By: Katie Rush
Flashback to third grade. I had just finished reading my first favorite book, Charlotte’s Web, when my class was assigned to write a short story. We were able to write the story on just about anything as long as it included some pictures and some dialogue. One week and 11 pages later, I proved I had a much greater knack for the dialogue than the pictures. I wrote page-long conversations between two spider sisters who were separated at birth (I also used to watch the Parent Trap a lot). I even asked my mom to take the story and get it bound because a staple in the top left corner simply did not seem adequate for my first novel.
When I learned how to write a screenplay three years later, I spent an entire summer on my grandma’s new computer writing a movie inspired by an episode of Dawson’s Creek. And finally, after those pieces began to collect dust in my memories box, in high school I began to write for the newspaper.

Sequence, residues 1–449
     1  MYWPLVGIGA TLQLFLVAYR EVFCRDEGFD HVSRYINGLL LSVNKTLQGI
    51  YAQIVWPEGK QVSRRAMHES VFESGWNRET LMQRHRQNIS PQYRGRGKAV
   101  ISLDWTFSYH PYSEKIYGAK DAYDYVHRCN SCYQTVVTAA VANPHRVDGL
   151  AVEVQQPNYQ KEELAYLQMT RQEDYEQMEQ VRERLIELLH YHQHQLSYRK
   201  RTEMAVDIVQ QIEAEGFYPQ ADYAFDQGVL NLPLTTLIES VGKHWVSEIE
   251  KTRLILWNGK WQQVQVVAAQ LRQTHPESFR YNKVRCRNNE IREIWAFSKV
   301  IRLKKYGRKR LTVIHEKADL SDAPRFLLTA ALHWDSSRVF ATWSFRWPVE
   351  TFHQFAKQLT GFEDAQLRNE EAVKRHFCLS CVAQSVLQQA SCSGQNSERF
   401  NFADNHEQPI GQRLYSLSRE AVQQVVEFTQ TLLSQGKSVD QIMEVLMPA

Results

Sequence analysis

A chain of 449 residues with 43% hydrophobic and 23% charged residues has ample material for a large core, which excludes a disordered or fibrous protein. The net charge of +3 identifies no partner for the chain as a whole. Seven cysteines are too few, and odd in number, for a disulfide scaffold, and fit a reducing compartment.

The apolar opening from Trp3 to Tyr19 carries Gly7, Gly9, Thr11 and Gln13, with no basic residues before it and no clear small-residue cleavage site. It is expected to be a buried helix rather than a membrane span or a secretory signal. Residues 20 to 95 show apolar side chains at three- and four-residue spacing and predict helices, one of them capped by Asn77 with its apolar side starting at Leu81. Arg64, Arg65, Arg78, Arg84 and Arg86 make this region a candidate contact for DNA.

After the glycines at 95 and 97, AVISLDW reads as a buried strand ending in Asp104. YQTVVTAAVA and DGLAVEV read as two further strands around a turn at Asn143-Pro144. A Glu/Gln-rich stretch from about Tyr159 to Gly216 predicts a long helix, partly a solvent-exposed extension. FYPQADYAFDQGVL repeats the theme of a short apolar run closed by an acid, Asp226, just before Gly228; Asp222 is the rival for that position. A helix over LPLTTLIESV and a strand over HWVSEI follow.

The idea of molding a career around my love and talent for writing became a more common conversation as I grew older, but as I continue to explore many different types of writing styles I realized what I’ve always loved and succeeded at is communicating thoughts, ideas and feelings.
It seems simple to be a successful and effective communicator, just express yourself clearly! However, more often than not, communicating is about listening, and at an agency or PR firm, our job is to create successful communication for our client. To do this, we have to listen to their wants, but more specifically, we must listen for their needs.
Many people I know majoring in public relations found themselves on this path due to their aspirations to become a writer, including myself. Over the years I have realized that although writing has always been my favorite form of connecting with people, what I really wanted to be when I “grew up” was a great communicator.
What inspired you to work in the communications industry?